Babylon offers one of the most hypnotic portraits of decadence ever brought to the screen. Hollywood's early years, where the new “motion picture” business made people wealthy beyond their wildest dreams, was notorious for its hedonism. Director Damien Chazelle (Whiplash) recreates that vibe in stirring fashion, then hones in on the effect it has on four different characters. Despite running a whopping 188 minutes, the film whizzes by, thanks to its dazzling style, continually deepening story, and stellar performances.

The first person we meet is Manny Torres (Diego Calva), an assistant to a Hollywood big shot. He's the kind of guy whose job is to get an elephant if his employer decides he wants a freaking elephant. (The outrageous payoff to this opening gag will let you know if Babylon is going to be for you or not.) At a party, he meets Nellie LaRoy (Margot Robbie), a woman who believes she's destined to be a star, despite having no actual credits yet. A chance encounter lands her a movie role, which she nails, making her the screen's hottest new sensation. Manny, meanwhile, is hired by Jack Conrad (Brad Pitt), an established silent star awkwardly trying to make the transition to “talkies.” On the outskirts of all this is Sidney Palmer (Jovan Adepo), a Black trumpet player who knows he's as talented as anyone, if not more talented, yet kept marginalized because of his skin color.

The rise and fall of these people comprises Babylon. By the end, no one is at the same place they were at the beginning. Chazelle doesn't hold back in depicting the excesses that are a factor. Cocaine is snorted constantly. Parties come complete with gratuitous nudity and sexual activity out in the open. At the beginning of the third act, Manny is taken by a shady rich guy (Tobey Maguire) to a secret underground location where dark, twisted, socially unacceptable forms of “entertainment” occur. A major part of what makes the movie riveting is the way early scenes capture the fun of the debauchery so that the characters' eventual fall feels more precipitous.

Significant fascination comes from showing the way motion pictures were shot in the 1920s. One of the best scenes, which Robbie nails, is an extended set piece where Nellie shoots her first talkie, only to have the sound guy halt each take to complain that she's either talking too loud or not standing in the exact right spot to allow the overhead microphone to pick up her voice. The sequence builds in comedic tension, as problems repeatedly beset the production. Another memorable moment moves the camera through a wide-open outdoor space where at least a half dozen makeshift sets have been constructed for simultaneous filming. Anyone interested in a primer on early filmmaking will delight in these recreations.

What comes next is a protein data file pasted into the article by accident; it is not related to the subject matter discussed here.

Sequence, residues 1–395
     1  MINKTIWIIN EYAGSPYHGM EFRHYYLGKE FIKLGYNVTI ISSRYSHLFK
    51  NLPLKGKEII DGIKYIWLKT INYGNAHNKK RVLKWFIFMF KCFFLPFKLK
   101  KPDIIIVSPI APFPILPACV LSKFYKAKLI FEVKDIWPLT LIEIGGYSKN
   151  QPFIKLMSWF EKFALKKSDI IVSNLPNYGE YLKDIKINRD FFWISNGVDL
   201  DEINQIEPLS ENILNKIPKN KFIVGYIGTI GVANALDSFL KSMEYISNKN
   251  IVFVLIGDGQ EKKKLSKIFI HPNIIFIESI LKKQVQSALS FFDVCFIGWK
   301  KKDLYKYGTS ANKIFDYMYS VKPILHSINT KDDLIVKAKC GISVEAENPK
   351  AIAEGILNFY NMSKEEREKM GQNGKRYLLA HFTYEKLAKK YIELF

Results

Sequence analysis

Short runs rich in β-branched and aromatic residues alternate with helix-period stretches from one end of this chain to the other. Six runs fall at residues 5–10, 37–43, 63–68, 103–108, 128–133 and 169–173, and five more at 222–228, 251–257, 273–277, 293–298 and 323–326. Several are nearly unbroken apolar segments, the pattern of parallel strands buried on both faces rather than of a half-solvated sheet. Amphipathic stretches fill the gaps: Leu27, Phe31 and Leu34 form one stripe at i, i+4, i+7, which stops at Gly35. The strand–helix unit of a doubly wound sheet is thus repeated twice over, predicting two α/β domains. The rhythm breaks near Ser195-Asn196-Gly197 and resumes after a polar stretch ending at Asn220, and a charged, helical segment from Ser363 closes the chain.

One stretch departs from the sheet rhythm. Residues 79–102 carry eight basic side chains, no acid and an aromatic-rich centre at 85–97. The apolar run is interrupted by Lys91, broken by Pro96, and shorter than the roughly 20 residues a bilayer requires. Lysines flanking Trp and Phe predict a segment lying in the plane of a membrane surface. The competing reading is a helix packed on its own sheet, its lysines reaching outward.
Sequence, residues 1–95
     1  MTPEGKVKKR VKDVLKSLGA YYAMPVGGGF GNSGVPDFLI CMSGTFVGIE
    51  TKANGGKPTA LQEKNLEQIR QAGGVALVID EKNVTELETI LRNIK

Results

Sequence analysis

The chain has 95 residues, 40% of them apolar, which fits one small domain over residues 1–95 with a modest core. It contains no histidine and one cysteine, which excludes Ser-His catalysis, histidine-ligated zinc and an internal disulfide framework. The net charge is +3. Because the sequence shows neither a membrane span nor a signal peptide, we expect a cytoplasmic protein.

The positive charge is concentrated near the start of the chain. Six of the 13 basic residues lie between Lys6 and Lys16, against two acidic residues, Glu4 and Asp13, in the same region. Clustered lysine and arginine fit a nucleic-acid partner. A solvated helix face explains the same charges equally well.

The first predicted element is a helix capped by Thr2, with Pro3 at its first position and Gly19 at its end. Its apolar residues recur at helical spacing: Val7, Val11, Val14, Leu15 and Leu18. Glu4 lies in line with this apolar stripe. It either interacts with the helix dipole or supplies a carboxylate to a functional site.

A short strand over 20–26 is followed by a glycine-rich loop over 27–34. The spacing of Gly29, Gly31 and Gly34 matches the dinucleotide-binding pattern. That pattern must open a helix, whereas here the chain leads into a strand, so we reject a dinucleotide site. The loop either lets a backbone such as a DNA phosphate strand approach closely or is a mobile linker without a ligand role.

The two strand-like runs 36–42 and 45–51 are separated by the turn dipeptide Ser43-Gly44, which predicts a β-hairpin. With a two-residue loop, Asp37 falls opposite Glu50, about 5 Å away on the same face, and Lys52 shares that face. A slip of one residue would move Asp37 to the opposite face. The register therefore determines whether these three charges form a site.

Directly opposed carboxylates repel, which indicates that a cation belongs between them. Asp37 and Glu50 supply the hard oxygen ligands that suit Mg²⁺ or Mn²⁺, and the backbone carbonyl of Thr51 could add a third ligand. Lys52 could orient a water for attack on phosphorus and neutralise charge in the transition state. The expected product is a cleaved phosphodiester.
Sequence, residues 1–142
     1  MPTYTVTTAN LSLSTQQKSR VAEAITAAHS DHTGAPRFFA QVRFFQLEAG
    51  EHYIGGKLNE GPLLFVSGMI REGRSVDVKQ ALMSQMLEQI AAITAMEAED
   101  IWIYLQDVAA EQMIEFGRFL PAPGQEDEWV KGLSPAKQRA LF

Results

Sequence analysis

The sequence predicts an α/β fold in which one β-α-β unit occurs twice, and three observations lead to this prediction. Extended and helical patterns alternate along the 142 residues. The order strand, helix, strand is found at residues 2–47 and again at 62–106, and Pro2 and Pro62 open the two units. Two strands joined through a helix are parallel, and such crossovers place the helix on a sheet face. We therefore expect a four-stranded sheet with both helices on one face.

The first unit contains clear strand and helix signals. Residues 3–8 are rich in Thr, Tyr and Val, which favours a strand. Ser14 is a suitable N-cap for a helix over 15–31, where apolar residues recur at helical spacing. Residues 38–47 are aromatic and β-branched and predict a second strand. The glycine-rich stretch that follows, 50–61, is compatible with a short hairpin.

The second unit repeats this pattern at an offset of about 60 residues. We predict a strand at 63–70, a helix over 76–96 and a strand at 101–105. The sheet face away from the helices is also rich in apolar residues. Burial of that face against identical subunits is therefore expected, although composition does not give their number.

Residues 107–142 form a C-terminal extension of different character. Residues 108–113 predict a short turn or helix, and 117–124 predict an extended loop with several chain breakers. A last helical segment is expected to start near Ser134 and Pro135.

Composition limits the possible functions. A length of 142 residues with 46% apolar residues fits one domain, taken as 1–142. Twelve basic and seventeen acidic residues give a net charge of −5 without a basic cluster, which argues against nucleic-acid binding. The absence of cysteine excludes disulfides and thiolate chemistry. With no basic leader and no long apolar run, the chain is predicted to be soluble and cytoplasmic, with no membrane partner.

Top-notch set and costume design plunge you into this world. Linus Sandgren's cinematography compliments them, giving the first half of Babylon a gorgeous, glitzy sheen, then shifting the second half into a darker, moodier visual style. At the center are the actors, who do extraordinary work across the board. They convey the exuberance of having their dreams come true, as well as the despair that follows when those dreams dissipate. Robbie, Pitt, Calva, and Depo help Babylon go from a wild, raucous comedy to a shattering tale of show business's dark side.

Without a doubt, this is a film that will divide viewers. Chazelle's desire to revel in the most provocative elements of the story may leave sensitive audience members aghast. I believe that approach is necessary, though. If we didn't comprehend the intoxicating nature of insane Hollywood success, the meaning lodged within Babylon's third act would be rendered impotent. In watching the movie, we experience the crazy, amoral highs alongside the central figures, then follow them into the void such self-indulgence naturally leads to.

The final scene represents the director's biggest swing. It's a reminder of what cinema's pioneers contributed and what those contributions have brought about. Charlie Chaplin may have dated underage girls, studio bosses may have forced abortions upon popular actresses, and drug-fueled orgies may have been common, but those folks still built the movies as we know and love them today. Babylon pays tribute to them in a manner that's equal parts hilarious and heartbreaking.

out of four

Babylon is rated R for strong and crude sexual content, graphic nudity, bloody violence, drug use, and pervasive language. The running time is 3 hours and 8 minutes.